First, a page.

Workplace investigations are an important tool for assessing the validity of employee misconduct allegations, and are relied upon by employers when making decisions regarding corrective action or prevention. Accordingly, careful consideration should be taken when determining who should conduct the investigation.
Investigators can either be internal or external. When deciding who to appoint to conduct a workplace investigation, organizations should choose an investigator that has the following qualities:
- Neutrality – It is essential that the investigator is fair and impartial. This means that the investigator should not be involved in the complaint and should not have a prior relationship with either the complainant or the respondent, including a direct reporting relationship. The chosen investigator must not only be able to objectively assess the complaint, they should be seen to be objective by the parties in order to maintain the integrity of the investigation.
- Training – The investigator should have the necessary training to conduct a proper investigation. This includes knowledge of workplace policies and legal obligations, as well as practical investigative skills. This is because not only must the investigator follow the requirements set out by the workplace policy (e.g., timelines) or applicable laws (e.g., recognizing harassment), they must also have the hands-on skills that are involved in the investigation process, such as knowing how to frame their questions in a neutral manner, how to elicit relevant information, or how to weigh evidence and access credibility.
- Availability – The investigator should be available to promptly investigate the complaint. Failure to commence an investigation in a reasonable time can lead to legal exposure. For example, if the complainant perceives that their complaint is not being taken seriously, or there is a delay in process, this can lead to the employee making a human rights or occupational health and safety complaint, or taking other legal action. Failure to investigate promptly can also expose employers to increased human rights damages or punitive and aggravated damages.
In certain circumstances, despite having an internal candidate that meets the above requirements, an external investigator may still be preferable for a number of reasons:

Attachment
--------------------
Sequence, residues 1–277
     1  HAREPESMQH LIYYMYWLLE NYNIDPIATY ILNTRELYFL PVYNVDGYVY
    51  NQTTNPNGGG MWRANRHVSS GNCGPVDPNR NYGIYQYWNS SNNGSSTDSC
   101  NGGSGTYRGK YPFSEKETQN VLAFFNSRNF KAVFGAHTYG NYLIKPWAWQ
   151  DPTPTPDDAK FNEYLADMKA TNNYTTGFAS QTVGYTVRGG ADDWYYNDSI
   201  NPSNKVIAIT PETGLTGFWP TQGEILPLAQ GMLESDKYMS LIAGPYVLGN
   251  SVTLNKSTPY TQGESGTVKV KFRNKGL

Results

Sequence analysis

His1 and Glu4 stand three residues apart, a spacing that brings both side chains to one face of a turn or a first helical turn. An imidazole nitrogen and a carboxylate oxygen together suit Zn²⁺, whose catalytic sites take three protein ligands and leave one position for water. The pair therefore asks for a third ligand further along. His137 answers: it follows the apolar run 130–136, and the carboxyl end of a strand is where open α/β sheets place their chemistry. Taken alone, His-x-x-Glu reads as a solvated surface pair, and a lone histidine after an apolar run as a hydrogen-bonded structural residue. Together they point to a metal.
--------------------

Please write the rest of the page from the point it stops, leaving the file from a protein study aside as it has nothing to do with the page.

- Complexity and sensitivity – If a complaint raises complex or sensitive matters, an external experienced investigator may be more appropriate, particularly where there is a high risk that the outcome of the investigation may ultimately be scrutinized by a court or tribunal.
- Expertise – Internal investigators may lack specialized expertise required for the purposes of the investigation. For example, an investigation may require an expert in financial auditing or computer forensics.
- Maintaining privilege – Depending on the severity of the allegations and/or potential consequences resulting from the investigation, hiring independent legal counsel as the external investigator to provide legal advice based on their investigation will protect against disclosure of the final report under solicitor-client privilege.
- Seniority of respondent – When a complaint is made against a more senior person in the organization, an internal investigator will inevitably be under their control, either directly or indirectly. In these situations, an external investigator may be necessary to ensure the impartiality and fairness of the investigation. In addition, in these circumstances, an external investigator will lend additional authority and credibility to the investigation’s findings and recommendations.
Overall, organizations should be thoughtful when choosing an investigator as selecting the right investigator can mitigate against the legal pitfalls and potential liability that can arise from a flawed investigation.
If you are unsure about whether you should use an internal or external investigator in your situation, or if you have any other employment and labour questions, please reach out to your local Dentons Canada contact.